Who hasn’t dreamed of giving it all up and moving to a tropical island? Pretty much everyone who has ever sat at a desk for hours on a sunny day or stood serving demanding customers all day has relied on the fantasy of lounging under a palm tree on a pristine beach watching the waves roll in to keep themselves going. But what if you had the chance to make it real? What if you could retire to a tropical island or find a job on one? Where would you choose to sling your hammock and lift a pina colada?
The Bahamas are one of the first destinations to come to mind when most of us think of tropical islands. It has all the classic trappings of a tropical paradise – dazzling beaches, a laid-back pace of life, and a good mix of nightlife and urban amenities balanced with isolated spots to enjoy nature. This is a small country with a population of not quite 330,000 people. Is moving to the Bahamas realistic? What is life like there? What should you bring, and how does shipping from Ireland to the Bahamas work? What about a visa?
It’s not easy to move to the Bahamas. You can’t just pack up and hope to find a job there. To get a visa, you generally need to have a job lined up. However, for those with a substantial sum to invest in property, residency is not so difficult to obtain (and it does take a substantial sum to live in the Bahamas). The cost of living is one of the major drawbacks to moving to the Bahamas. This is one of the wealthiest Caribbean islands, and well-known as a tax haven – tourism and banking are the largest industries.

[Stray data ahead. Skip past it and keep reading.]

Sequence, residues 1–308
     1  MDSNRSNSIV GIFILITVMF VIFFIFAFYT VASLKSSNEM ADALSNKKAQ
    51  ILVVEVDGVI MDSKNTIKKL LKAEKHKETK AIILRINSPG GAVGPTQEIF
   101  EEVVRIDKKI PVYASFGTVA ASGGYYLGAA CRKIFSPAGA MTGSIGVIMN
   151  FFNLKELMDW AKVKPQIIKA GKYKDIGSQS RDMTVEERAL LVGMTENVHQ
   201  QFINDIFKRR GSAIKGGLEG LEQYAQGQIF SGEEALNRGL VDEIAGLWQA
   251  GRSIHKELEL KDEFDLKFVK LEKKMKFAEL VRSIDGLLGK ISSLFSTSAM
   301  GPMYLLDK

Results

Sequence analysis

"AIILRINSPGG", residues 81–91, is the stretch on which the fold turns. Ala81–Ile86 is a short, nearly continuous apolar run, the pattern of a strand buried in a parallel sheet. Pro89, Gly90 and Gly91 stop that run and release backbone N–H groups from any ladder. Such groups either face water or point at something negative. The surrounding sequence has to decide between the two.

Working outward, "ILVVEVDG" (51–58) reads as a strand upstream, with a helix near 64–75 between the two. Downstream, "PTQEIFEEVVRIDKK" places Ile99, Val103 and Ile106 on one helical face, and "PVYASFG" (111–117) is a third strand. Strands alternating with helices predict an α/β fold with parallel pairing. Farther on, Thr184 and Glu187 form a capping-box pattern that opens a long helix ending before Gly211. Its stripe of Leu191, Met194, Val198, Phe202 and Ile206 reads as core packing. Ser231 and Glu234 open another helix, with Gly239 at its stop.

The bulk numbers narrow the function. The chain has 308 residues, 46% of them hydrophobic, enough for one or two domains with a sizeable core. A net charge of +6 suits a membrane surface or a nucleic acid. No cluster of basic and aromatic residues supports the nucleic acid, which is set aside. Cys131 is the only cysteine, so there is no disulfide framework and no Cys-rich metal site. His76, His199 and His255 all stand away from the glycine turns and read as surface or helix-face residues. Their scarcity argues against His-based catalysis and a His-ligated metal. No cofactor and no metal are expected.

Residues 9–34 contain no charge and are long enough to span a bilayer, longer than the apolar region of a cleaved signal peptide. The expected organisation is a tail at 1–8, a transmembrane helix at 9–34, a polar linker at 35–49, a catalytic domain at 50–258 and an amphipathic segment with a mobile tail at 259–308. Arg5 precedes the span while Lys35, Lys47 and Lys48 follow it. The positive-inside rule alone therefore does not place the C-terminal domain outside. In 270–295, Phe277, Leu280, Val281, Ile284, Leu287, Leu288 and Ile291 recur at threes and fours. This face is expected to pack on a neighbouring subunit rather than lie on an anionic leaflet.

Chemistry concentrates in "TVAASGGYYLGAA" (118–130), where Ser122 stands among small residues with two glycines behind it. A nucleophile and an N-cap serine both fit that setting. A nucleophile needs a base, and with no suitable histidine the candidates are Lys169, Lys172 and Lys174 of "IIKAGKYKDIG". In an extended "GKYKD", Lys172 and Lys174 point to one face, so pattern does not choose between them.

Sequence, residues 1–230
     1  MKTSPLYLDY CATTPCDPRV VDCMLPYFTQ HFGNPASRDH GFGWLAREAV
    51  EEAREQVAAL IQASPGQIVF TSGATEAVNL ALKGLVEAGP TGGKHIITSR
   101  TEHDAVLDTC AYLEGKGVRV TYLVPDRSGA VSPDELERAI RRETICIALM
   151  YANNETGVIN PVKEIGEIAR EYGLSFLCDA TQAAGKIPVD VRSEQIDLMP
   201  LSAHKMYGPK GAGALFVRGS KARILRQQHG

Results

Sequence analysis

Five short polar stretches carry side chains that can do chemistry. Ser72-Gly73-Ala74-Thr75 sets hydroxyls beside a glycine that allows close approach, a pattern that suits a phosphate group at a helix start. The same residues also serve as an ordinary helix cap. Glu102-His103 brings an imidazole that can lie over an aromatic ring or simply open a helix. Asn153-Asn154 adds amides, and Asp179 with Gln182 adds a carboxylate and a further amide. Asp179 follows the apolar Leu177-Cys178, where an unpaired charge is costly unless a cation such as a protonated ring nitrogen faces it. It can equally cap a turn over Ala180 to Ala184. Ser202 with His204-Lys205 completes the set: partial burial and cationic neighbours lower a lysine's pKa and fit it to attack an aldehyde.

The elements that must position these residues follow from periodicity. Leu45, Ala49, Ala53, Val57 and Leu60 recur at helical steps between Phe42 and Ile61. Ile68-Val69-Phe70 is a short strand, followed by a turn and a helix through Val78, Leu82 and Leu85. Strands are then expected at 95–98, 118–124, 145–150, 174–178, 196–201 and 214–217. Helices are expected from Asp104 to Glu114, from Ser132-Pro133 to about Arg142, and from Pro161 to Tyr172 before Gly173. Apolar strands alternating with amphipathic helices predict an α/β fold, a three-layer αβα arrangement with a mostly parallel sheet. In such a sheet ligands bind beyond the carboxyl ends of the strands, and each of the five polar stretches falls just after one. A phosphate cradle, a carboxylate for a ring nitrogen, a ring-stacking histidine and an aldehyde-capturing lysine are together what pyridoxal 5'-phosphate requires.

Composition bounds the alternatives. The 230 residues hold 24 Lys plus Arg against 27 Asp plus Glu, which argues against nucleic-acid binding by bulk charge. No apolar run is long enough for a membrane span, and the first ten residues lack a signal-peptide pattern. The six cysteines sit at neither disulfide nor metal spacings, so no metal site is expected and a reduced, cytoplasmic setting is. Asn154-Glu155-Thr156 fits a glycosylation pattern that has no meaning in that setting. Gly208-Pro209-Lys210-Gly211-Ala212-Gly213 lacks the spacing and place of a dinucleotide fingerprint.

Pros and Cons of Moving to the Bahamas
The climate is both a pro and a con. Most of the time, the Bahamas are warm, sunny and absolutely delightful. It is prime territory for lounging on the beach, soaking up the sun. People who love being active outdoors, hiking, swimming, snorkelling and diving will love the Bahamas. But – and this is a major but – when the weather is bad, it is extremely bad. This is hurricane territory. When you are searching for property in the Bahamas, one of the main criteria should be hurricane resistance. This cluster of 700 islands (fewer than 30 of which are inhabited) is close to the US state of Florida. So all those horrendous, devastating storms that strike Florida pass through the Bahamas on the way there.
One big advantage for Irish people is that English is the official language of this former British colony. (A Commonwealth country since 1973, the Bahamas have their own parliament and prime minister.) The health care system is good, and qualified healthcare professionals have opportunities for employment visas. Devout Catholics might have some culture shock upon becoming a small minority. While most of the island’s population is Christian, only 12% are Catholic. Driving takes some getting used to; while traffic drives on the left side of the road, most cars are American models with the driver on the left.
Moving to the Bahamas does have some big cons. Hurricanes, a high cost of living are serious concerns. The cities do have problems with violent crime, as most cities around the world do, and the Bahamas are also a hub in international drug running. But packing up and shipping from Ireland to the Bahamas does mean living in a dreamy tropical island. Those pristine beaches can make up for a lot.